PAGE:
Winston Peters says the heightened rhetoric may be a sort of release valve, and things will soon quieten down.


Te Rarawa chairperson Haami Piripi says the highlight of the far north iwi's six day festival was the potential shown by its youth.

Kaitaia has been packed over the past week with thousands of people returning to their tribal home from around the country and overseas.

There were sports competitions, political debates, kapa haka, an exhibition of tribal taonga, and a tour of significant sites.


Maori Land Court Chief Judge Joe Williams says Maoridom is short of the skilled people to administer treaty settlement assets efficiently.

Judge Williams highlighted the point to the Federation of Maori Authorities annual meeting in Rotorua this weekend.

He says there are 26,000 Maori trusts, and there are not enough people round who have been trained in the ordinary business disciplines of administering assets on behalf of others.

This puts pressure on a select few, who serve on runanga, on trusts, and take on multiple roles.

Joe Williams says unless the skill deficit is addressed, the main beneficiaries of settlements are likely to be the managers rather than those on the ground.


Maori Party co-leader Pita Sharples says a new South Auckland psychological service provider signals a new direction in dealing with Maori with mental health problems.

Dr Sharples opened Te Aho Tapu's Papatoetoe headquarters this morning.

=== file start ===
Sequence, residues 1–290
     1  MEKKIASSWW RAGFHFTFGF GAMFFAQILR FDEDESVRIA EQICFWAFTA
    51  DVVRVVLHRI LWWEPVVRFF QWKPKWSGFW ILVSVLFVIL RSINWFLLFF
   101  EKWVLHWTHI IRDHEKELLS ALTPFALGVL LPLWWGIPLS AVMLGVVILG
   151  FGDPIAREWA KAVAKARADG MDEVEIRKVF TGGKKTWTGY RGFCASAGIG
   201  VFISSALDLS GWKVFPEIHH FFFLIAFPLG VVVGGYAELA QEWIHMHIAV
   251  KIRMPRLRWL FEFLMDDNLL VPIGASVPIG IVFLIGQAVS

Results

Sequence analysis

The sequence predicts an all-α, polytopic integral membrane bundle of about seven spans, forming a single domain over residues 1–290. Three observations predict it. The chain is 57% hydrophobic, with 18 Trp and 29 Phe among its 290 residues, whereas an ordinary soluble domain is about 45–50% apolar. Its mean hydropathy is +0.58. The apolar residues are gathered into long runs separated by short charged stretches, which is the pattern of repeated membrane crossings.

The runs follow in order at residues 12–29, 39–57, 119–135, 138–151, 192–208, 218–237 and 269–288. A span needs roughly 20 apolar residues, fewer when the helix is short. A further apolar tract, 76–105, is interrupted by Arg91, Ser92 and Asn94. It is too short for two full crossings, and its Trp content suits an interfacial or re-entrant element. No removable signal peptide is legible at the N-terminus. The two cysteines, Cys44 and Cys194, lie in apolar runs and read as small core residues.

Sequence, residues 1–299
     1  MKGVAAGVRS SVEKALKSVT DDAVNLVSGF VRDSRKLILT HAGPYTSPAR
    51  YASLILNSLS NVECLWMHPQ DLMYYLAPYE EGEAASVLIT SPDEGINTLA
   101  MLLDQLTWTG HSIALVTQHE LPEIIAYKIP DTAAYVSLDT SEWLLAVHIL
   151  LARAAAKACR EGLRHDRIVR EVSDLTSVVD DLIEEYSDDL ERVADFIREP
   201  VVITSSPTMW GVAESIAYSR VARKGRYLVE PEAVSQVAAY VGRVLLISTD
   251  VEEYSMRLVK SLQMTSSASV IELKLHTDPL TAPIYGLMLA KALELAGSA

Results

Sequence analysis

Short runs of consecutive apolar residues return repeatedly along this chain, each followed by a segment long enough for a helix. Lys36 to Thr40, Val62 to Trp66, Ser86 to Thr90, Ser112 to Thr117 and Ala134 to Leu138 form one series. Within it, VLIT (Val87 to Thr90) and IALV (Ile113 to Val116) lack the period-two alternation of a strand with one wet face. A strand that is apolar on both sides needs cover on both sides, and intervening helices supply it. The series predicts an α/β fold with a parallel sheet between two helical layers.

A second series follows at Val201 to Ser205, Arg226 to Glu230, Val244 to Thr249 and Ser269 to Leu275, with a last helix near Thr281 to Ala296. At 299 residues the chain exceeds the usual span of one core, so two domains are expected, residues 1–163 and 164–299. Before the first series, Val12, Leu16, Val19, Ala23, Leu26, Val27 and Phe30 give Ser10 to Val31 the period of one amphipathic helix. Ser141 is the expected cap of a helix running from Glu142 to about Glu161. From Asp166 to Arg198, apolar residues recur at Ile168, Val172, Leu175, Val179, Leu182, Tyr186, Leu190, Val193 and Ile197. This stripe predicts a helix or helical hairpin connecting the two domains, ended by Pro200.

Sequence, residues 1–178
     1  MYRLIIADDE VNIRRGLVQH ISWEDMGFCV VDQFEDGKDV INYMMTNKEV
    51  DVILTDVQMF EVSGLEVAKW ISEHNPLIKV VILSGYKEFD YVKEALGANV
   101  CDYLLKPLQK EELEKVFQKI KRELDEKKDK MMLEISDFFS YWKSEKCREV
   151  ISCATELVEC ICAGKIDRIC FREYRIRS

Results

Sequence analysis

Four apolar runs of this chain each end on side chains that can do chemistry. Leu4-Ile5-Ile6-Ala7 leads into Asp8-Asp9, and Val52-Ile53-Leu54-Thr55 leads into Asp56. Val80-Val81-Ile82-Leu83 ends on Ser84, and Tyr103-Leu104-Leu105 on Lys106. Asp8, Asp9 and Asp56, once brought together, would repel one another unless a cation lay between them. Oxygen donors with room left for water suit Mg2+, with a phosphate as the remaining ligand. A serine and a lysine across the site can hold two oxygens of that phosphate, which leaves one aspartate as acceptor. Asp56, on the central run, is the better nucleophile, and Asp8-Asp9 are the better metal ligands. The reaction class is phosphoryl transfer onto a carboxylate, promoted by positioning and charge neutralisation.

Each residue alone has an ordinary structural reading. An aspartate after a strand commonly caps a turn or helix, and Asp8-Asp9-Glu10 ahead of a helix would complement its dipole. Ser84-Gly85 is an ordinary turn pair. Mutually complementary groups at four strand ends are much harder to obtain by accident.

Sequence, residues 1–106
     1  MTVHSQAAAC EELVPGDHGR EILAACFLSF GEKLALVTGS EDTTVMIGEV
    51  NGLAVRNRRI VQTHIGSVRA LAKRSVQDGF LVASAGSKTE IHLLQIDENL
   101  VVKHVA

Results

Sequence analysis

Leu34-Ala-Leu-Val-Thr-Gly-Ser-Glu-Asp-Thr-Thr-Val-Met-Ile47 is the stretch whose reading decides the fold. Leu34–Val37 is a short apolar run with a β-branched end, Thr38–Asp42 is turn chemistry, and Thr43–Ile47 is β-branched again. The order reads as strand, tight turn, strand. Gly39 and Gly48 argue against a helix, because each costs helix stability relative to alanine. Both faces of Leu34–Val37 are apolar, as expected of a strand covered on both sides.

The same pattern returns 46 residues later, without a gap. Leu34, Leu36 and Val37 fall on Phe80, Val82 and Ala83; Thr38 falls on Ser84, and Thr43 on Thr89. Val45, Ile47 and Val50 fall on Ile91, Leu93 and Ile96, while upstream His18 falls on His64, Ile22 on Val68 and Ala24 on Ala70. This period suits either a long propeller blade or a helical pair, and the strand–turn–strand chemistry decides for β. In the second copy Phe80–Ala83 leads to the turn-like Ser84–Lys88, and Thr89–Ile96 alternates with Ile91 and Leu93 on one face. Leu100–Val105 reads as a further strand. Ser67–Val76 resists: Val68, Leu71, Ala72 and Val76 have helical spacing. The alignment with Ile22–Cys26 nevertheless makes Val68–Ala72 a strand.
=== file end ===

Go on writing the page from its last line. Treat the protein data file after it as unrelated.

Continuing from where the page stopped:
He says Te Aho Tapu, which means sacred thread, is the first Maori provider to deliver psychological services to Maori patients in a Maori way.

Dr Sharples says it integrates concepts like whakapapa, whananugatanga and Maori stories into its treatment.

“So really it's treating those in need as if they were very important people, and giving them their mana and feeling of self worth at the outset, and their treating their ailment after that, and that’s the success really of the organization,” Sharples says.

Pita Sharples says the youthfulness and socio-economic disadvantage of the Maori population has led to higher levels of mental disorder.


Hone Tuwhare's publisher Roger Steele says his achievements are still not adequately recognised.

Mr Steele was one of the 150 friends and whanau who gathered at Dunedin's Kaka Point this weekend to celebrate the Ngapuhi poet's 84th birthday.

He says Hone Tuwhare's achievements transcend both Maori and Pakeha worlds.

“I can't believe he hasn’t won a Nobel Prize for Literature. He’s been a poutokomanawa of the whole Maori arts renaissance which has happened since the late ‘60s, early ‘70s, arts renaissance, cultural renaissance, the rebuilding of te reo Maori and so on. He’s been a complete pillar of that house and an inspiration for so many people,” Steele says.

Monday, November 06, 2006

Ngapuhi suspends social services head

Northland's Ngapuhi runanga has suspended the board and chief executive of its social services arm.

Ngapuhi chairperson Sonny Tau says a Whangarei accountant has been called in to review the company's accounts, and other professionals will be brought in to review the organisation's management and governance.

Mr Tau says concerns arose about the time of Ngapuhi's annual meeting last week, where Ngapuhi Iwi Social Service reported a $147 thousand profit on revenue of 1.8 million in the year to june.